var tagRegex = /<[^>]+>/gim;
var styleTagRegex = /<style\b[^>]*>([\s\S]*?)<\/style>/gim;
var validTagsRegex = /<br[\s/]*>|<img\s+class="emoji\semoji[-\w\s]+"\s+((src|srcset|unselectable)="[^"]*"\s*)+>/i;

function cleanUp(text) {
     	return text
              	.replace(styleTagRegex, '')
              	.replace(tagRegex, function (tag) {
                       	return tag.match(validTagsRegex) ? tag : '';
              	.replace(/\n/g, '');

We use the paste event for processing a string inserted from the clipboard:

function onPaste(e) {
     	var clp = e.clipboardData;

     	if (clp !== undefined || window.clipboardData !== undefined) {
              	var text;

              	if (clp !== undefined) {
                       	text = clp.getData('text/html') || clp.getData('text/plain') || '';
              	} else {
                       	text = window.clipboardData.getData('text') || '';

              	if (text) {
                       	text = cleanUp(text);
                       	text = emojiToHtml(text);
                       	var el = document.createElement('span');
                       	el.innerHTML = text;
                       	el.innerHTML = el.innerHTML.replace(/\n/g, '');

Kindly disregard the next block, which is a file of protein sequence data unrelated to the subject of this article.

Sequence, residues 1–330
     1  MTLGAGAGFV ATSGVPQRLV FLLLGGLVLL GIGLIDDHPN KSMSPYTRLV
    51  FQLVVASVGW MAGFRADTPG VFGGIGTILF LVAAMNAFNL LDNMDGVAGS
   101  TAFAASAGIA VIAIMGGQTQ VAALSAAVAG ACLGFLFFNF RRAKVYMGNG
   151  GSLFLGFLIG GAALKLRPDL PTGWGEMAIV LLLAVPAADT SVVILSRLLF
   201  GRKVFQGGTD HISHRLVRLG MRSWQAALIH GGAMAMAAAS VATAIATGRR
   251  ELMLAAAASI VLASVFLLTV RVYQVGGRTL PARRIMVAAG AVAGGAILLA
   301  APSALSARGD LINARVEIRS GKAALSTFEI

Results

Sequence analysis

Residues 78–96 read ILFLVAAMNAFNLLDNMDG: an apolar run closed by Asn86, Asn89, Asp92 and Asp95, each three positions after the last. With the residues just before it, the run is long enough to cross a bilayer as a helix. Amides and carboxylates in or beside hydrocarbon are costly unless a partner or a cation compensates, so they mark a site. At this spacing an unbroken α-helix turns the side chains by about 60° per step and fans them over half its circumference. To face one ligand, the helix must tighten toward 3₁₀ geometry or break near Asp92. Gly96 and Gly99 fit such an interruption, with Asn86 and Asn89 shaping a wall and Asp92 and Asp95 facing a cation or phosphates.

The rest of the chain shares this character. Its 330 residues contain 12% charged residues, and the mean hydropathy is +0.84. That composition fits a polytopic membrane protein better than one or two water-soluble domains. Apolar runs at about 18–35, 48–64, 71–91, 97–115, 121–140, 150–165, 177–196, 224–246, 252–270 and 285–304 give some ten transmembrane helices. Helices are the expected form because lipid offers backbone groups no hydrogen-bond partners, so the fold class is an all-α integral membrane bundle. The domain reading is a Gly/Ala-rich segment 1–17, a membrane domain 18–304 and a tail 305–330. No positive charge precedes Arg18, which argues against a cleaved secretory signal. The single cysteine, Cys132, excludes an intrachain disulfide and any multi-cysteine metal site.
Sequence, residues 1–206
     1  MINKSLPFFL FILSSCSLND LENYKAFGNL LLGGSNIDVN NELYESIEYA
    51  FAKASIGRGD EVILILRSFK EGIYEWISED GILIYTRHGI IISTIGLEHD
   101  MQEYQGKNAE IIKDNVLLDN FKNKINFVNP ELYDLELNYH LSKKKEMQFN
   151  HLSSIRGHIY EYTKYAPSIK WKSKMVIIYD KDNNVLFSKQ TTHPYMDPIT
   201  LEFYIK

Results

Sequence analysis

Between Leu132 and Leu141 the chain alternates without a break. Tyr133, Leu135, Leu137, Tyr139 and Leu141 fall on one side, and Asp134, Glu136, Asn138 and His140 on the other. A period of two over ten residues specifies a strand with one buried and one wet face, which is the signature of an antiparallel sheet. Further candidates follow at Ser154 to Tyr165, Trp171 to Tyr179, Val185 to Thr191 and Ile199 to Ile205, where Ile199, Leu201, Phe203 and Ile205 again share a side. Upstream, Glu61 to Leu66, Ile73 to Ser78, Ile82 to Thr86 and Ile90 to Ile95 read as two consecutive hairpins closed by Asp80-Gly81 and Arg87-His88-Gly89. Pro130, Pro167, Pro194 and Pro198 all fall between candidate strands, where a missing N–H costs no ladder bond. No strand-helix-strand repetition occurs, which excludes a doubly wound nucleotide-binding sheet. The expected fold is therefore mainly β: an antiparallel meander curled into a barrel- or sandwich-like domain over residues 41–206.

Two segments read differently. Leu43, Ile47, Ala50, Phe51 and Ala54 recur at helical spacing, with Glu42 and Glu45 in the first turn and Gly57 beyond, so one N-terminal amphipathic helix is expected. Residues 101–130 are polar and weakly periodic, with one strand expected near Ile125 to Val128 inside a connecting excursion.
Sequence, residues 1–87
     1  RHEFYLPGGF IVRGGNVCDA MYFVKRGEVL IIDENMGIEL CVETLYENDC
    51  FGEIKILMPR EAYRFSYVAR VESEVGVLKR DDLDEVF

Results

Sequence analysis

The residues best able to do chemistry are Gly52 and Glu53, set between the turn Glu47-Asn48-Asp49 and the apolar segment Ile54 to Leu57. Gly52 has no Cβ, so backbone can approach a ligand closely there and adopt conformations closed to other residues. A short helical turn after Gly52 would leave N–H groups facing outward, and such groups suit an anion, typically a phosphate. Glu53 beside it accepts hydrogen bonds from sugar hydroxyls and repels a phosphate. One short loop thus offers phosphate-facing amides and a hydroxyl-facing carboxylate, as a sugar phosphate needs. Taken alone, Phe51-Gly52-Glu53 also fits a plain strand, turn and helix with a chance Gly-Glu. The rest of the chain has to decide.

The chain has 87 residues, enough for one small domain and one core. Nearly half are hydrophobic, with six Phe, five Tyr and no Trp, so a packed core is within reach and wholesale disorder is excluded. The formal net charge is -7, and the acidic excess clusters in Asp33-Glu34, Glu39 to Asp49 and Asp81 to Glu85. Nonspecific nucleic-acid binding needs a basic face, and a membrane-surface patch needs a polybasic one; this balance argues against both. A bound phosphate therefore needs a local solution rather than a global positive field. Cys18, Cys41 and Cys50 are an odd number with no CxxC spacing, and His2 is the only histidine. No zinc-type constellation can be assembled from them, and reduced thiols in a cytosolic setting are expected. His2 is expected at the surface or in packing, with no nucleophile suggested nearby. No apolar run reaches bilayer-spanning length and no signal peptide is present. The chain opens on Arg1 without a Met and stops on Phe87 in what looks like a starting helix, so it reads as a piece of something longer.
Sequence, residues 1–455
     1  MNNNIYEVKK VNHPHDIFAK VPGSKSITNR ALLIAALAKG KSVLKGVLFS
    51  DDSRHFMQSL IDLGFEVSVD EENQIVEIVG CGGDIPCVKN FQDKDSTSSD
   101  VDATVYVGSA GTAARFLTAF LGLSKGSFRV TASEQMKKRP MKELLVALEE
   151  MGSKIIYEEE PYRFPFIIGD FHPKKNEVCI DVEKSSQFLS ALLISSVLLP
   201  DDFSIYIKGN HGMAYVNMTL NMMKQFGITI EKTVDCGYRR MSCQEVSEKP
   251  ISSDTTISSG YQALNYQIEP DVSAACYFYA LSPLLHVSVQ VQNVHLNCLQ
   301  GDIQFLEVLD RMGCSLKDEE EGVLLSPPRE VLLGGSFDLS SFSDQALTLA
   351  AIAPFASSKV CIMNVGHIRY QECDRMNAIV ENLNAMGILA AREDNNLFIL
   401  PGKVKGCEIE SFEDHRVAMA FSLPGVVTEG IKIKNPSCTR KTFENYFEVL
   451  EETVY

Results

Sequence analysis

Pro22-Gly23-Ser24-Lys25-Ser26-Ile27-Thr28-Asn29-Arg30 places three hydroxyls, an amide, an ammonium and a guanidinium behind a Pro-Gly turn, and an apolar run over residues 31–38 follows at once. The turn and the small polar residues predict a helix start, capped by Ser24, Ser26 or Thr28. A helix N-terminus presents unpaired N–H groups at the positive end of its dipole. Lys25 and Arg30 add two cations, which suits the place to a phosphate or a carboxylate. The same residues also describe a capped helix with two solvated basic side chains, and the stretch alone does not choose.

Then we replace all the emoji found with the HTML tag img, as shown above. We need to use img, as ContentEditable works better with this. Bugs may occur during editing with other elements.

After inserting img in the input field, it’s necessary to restore the position so that the user can continue composing the message. We use the Selection and Range JavaScript objects for this:

function restore() {
     	var range = document.createRange();
     	var sel = window.getSelection();

Once the composition of the message is completed, we must run the reverse procedure. This means we convert the to a symbol for sending to the server using the fromCodePoint function:

var htmlToEmojiRegex = /<img.*?class="emoji\semoji--(.+?)\sjs-smile-insert".*?>/gi;
function htmlToEmoji(html) {
     	return html.replace(htmlToEmojiRegex, function (imgTag, codesStr) {
              	var codesInt = codesStr.split('-').map(function (codePoint) {
                       	return parseInt(codePoint, 16);

              	var emoji = String.fromCodePoint.apply(null, codesInt);

              	return emoji.match(emojiRegex) ? emoji : '';

You can see an example of a Chat system here:

And this is how we’ve have developed support for emoji that allow our users to fully express their emotion and to communicate with each other without restriction. If you have any suggestions or ideas to improve and change our methods, feel free to leave a comment below. I will be happy to look at them.